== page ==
Tony Pearson is a Master Inventor and Senior IT Architect for the IBM Storage product line at the
IBM Executive Briefing Center in Tucson Arizona, and featured contributor
to IBM's developerWorks. In 2016, Tony celebrates his 30th year anniversary with IBM Storage. He is
author of the Inside System Storage series of books. This blog is for the open exchange of ideas relating to storage and storage networking hardware, software and services.
(Short URL for this blog: ibm.co/Pearson )
My books are available on Lulu.com! Order your copies today!
Safe Harbor Statement: The information on IBM products is intended to outline IBM's general product direction and it should not be relied on in making a purchasing decision. The information on the new products is for informational purposes only and may not be incorporated into any contract. The information on IBM products is not a commitment, promise, or legal obligation to deliver any material, code, or functionality. The development, release, and timing of any features or functionality described for IBM products remains at IBM's sole discretion.
Tony Pearson is a an active participant in local, regional, and industry-specific interests, and does not receive any special payments to mention them on this blog.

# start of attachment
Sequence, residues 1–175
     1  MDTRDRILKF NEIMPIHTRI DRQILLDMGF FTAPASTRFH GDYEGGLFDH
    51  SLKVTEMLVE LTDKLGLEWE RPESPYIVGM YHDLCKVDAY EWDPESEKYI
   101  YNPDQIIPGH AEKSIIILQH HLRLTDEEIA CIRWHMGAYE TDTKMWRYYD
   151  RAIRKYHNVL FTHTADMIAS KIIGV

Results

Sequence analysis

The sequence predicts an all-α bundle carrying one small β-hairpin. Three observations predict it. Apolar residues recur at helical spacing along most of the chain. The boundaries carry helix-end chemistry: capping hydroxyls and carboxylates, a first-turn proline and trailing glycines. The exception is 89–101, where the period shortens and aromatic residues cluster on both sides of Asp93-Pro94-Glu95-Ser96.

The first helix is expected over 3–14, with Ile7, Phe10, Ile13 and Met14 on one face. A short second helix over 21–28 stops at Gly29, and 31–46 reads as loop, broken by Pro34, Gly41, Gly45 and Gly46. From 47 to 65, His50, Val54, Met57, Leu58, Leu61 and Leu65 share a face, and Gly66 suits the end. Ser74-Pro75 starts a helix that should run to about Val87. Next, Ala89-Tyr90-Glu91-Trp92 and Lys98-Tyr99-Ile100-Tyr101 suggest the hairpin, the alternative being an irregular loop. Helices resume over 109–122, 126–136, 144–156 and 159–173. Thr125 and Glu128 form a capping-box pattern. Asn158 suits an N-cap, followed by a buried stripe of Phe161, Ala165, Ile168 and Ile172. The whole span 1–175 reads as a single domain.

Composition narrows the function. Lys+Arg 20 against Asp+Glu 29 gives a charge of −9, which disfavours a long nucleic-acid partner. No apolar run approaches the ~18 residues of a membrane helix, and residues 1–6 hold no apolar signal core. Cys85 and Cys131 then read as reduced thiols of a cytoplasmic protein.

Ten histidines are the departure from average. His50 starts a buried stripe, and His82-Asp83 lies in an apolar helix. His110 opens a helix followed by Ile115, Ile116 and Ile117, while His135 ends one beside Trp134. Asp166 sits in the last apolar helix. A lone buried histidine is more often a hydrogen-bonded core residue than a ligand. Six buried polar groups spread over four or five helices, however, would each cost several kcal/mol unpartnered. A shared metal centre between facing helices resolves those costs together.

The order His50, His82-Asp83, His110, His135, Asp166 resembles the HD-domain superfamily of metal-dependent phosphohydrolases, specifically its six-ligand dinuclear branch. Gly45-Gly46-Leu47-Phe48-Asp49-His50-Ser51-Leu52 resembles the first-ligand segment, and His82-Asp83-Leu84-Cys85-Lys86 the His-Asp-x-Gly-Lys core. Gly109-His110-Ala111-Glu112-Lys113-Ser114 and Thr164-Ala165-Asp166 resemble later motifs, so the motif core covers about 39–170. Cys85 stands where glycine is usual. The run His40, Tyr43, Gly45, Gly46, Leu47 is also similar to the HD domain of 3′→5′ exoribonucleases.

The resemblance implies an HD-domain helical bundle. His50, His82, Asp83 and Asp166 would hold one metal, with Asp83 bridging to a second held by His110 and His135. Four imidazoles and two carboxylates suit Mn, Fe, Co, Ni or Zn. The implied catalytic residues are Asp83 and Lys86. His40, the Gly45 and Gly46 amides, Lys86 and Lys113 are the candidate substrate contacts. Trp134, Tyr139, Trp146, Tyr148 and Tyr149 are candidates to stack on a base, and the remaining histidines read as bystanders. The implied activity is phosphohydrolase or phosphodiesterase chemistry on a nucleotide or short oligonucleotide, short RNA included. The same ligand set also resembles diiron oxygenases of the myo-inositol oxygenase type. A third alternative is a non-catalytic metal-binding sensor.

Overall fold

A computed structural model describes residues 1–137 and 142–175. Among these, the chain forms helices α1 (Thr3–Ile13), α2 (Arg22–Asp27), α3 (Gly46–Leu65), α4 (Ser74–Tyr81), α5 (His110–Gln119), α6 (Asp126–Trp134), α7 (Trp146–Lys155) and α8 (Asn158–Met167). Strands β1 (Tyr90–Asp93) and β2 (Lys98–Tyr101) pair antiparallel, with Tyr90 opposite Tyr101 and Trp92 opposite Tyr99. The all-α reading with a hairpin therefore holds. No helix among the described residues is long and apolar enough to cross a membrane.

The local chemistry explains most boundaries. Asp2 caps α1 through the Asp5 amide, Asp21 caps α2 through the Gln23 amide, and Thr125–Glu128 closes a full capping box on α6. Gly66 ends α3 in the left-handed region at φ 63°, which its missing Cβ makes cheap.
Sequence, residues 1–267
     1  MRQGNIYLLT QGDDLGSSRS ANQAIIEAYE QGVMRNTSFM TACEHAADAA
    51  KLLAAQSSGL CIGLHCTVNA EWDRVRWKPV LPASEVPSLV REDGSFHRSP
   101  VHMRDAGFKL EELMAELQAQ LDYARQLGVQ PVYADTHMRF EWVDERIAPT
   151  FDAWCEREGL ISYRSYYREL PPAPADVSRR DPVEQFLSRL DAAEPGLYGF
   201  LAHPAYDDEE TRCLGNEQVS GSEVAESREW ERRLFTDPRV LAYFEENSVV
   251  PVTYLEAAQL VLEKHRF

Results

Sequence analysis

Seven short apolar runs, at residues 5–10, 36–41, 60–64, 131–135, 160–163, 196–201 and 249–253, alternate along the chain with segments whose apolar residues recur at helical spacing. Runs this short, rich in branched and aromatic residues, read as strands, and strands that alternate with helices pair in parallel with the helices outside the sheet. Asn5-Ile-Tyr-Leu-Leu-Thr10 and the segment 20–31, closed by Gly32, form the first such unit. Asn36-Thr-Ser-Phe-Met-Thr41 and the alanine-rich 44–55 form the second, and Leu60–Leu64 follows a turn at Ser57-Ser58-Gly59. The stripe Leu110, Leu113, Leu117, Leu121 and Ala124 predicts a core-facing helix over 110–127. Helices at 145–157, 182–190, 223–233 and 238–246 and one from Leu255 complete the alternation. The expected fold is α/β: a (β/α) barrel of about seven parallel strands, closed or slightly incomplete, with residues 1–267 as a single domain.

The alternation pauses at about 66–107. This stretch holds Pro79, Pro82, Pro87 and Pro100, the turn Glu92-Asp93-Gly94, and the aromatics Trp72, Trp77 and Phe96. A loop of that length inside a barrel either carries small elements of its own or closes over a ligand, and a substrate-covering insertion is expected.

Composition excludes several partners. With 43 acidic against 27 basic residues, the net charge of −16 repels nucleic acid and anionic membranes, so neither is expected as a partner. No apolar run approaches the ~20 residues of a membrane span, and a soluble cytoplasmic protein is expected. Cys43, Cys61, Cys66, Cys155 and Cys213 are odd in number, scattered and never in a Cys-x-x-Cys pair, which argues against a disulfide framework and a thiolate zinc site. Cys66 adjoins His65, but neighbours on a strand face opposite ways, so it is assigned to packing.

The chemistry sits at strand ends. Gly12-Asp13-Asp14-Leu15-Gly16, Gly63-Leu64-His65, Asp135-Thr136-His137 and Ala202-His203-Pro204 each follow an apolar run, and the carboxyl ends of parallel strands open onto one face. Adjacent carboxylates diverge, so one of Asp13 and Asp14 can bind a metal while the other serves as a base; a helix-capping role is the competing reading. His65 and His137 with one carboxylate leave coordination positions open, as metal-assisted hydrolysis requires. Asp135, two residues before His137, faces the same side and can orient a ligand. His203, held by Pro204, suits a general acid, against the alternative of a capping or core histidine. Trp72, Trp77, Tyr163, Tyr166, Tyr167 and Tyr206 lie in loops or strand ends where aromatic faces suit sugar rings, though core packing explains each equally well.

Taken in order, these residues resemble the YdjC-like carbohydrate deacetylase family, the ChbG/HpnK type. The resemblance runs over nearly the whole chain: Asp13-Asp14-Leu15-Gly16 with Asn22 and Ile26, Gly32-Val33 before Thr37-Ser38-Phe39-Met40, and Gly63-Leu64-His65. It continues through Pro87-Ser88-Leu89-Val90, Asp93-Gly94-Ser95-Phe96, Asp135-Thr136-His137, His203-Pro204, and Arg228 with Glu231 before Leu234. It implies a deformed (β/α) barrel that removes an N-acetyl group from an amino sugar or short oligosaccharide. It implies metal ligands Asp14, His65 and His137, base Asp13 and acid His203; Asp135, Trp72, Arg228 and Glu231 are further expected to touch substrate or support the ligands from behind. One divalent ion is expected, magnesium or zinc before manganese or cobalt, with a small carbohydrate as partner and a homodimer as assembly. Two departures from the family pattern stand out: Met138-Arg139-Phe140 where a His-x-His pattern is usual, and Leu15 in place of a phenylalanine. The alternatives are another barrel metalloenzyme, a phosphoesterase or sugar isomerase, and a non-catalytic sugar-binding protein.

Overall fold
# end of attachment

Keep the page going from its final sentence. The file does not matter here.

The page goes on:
Tony Pearson receives part of the revenue proceeds from sales of books he has authored listed in the side panel.
Tony Pearson is not a medical doctor, and this blog does not reference any IBM product or service that is intended for use in the diagnosis, treatment, cure, prevention or monitoring of a disease or medical condition, unless otherwise specified on individual posts.
During lunch, people were able to take a look at our solutions. Here are Dan Thompson and Brett Cooper striking a pose.
Hyper-Efficient Backup and Recovery
The afternoon was kicked off by Dr. Daniel Sabbah, IBM General Manager of Tivoli software. He started with some shocking statistics: 42 percent of small companies have experienced data loss, 32 percent have lost data forever. IBM has a solution that offers "Unified Recovery Management". This involves a combination of periodic backups, frequent snapshots, and remote mirroring.
IBM Tivoli Storage Manager (TSM) was introduced in 1993, and was the first backup software solution to support backup to disk storage pools. Today, TSM is now also part of Cloud Computing services, including IBM Information Protection Services. IBM announced today a new bundle called IBM Storwize Rapid Application Backup, which combines IBM Storwize V7000 midrange disk system, Tivoli FlashCopy Manager, implementation services, with a full three-year hardware and software warranty. This could be used, for example, to protect a Microsoft Exchange email system with 9000 mailboxes.